Because Assad clearly sees this as a life-and-death battle, Congress should ask the administration what they intend to do if the Syrian regime remains defiant. Obama has tried to assure a war-weary American public that the strikes are a one-off. But if the purposes are deterrence and to enforce a norm against chemical weapons use, defiance leaves America only worse off. My sense is that Assad will be likely to avoid using chemical weapons again because he fears escalation — but like most analysts I also thought he’d avoid a massive, obvious use in the first place. Assad may also play it safe in terms of fomenting terrorism outside of Syria against the United States or its allies, but again his chemical weapons use and fear for his regime’s survival suggests that he may take foolish risks. Simply put, we should admit we don’t fully understand how Assad makes decisions. So Congress needs to ask the administration what it has in store if the worst case materializes.
Assad’s friends, particularly Iran but also Russia, should also be part of the discussion. Both may increase support for the Syrian regime in the face of an American attack. So while Assad’s forces may take a pounding, he may gain new arms, new fighters, and more financial support. Iranian officials have even talked loudly if vaguely that someone, somewhere, might retaliate in response to a U.S. strike.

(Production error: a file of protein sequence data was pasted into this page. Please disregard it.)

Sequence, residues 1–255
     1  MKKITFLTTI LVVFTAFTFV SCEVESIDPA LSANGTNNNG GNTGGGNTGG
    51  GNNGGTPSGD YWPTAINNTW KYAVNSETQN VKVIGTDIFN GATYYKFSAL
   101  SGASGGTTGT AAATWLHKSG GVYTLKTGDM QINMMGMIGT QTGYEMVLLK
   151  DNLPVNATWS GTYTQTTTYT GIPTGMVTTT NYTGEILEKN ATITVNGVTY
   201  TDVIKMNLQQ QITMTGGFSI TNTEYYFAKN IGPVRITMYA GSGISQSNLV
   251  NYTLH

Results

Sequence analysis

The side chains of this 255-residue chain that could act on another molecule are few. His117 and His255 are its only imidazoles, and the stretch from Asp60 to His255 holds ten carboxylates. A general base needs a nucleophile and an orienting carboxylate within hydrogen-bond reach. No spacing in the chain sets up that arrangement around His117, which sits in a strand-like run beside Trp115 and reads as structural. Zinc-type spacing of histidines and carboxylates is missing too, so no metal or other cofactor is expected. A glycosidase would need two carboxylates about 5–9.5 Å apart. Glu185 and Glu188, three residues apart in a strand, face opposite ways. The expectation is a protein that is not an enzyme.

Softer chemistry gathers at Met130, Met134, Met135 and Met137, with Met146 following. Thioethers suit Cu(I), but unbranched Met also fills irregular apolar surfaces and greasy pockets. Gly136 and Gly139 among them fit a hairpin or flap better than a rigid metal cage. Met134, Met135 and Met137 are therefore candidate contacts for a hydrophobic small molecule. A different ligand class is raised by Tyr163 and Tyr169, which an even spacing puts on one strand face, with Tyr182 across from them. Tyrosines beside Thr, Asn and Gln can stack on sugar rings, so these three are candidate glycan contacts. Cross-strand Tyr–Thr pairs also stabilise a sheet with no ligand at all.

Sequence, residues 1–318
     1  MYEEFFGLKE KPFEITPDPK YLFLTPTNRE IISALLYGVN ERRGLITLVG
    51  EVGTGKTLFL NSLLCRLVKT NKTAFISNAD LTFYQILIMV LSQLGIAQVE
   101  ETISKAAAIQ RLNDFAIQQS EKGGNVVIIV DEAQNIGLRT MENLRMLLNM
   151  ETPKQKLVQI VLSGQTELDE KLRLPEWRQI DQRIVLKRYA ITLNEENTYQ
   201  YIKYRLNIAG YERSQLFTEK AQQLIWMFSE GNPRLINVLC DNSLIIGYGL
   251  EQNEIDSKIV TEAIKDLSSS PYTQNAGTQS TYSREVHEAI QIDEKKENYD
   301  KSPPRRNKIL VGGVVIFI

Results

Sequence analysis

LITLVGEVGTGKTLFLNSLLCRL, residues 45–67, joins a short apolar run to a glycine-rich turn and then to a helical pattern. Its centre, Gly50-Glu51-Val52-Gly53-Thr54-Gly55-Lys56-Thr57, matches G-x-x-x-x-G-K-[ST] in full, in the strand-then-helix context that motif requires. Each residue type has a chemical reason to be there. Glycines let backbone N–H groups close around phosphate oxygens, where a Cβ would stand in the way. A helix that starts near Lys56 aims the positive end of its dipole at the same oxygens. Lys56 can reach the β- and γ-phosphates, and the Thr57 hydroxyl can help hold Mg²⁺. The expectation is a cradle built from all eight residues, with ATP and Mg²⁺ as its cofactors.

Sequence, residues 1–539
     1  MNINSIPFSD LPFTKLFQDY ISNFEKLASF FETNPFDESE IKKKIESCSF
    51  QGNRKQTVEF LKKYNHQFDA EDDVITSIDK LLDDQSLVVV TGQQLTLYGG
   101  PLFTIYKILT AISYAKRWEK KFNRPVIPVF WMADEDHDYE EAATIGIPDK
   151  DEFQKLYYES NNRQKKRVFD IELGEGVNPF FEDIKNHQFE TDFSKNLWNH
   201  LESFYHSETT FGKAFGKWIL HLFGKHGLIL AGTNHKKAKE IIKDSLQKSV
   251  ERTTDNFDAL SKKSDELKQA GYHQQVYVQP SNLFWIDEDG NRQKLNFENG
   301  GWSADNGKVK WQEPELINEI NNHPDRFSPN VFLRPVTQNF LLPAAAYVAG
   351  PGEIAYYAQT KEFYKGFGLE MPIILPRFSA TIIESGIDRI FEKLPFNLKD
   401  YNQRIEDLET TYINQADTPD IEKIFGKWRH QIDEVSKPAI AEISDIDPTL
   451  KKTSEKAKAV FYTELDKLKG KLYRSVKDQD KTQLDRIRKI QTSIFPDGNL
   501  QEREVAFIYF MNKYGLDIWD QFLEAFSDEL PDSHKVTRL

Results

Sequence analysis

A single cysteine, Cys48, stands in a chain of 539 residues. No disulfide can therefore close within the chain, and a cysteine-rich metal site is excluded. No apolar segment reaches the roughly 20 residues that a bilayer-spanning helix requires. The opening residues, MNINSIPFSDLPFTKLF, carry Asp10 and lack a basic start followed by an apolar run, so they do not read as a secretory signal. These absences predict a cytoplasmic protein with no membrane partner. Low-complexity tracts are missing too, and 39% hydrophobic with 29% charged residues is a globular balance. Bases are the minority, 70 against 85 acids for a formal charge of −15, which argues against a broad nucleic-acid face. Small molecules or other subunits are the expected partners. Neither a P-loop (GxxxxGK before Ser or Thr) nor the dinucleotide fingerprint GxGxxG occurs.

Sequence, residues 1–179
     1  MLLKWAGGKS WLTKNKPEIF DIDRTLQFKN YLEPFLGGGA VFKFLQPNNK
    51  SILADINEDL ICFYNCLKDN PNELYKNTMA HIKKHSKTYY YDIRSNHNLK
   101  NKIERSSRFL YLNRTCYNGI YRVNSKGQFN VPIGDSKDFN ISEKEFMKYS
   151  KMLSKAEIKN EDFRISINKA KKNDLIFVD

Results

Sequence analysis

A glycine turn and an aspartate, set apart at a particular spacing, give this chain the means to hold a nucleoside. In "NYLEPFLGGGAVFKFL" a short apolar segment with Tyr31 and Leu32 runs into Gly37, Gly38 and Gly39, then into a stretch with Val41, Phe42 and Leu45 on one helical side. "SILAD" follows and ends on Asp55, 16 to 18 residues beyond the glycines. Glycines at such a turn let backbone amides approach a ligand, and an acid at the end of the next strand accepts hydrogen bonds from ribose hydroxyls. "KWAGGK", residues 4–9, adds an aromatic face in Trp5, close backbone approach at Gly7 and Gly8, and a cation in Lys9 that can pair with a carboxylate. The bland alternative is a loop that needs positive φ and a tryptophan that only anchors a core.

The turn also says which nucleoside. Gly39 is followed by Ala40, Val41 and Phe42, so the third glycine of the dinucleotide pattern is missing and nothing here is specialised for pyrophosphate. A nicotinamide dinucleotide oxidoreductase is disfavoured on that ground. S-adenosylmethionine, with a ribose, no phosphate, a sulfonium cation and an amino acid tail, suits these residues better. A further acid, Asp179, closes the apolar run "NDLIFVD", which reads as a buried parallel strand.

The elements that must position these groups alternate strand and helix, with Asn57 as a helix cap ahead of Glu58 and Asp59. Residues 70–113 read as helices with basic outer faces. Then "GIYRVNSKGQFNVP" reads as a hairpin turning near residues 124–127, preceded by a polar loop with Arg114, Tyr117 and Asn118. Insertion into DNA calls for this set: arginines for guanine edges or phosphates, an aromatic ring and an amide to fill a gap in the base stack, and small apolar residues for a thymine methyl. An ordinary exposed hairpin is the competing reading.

The question of credibility should also be prominent in the debate. President Obama and Secretary of State John Kerry raised expectations that America would strike Syria. Is there a price to backing down? It is easy to doomsay and claim that every American enemy will become emboldened. But hyperbole aside, escalating the rhetoric and backing down in the face of, well, nothing suggests to U.S. foes that Washington has little stomach for future fights.
Finally, though I am skeptical U.S. strikes will change the military balance, Congress should also explore whether we are prepared for "success." Jihadists are running amok in Syria, and the U.S.-backed moderate opposition is weak. American programs to strengthen the jihadists militarily, which received only lukewarm administration support and (ahem, ahem) stalled in Congress until July, are barely off the ground. Should Assad fall, Syria would probably collapse into chaos and radicals would control much of the country.
The debate in the weeks to come should be broad. Legislators and the administration should discuss the strategic and military implications of a congressional role and think about the long-term effects of any U.S. military action. In the end, a healthy debate might find that a middle ground — a strike that hits only a few targets and is of limited duration — may be the worst of all options. To make a difference in the long-term, the United States needs to do more, particularly with the opposition. And if it won’t do more, then staying out altogether may be the best option.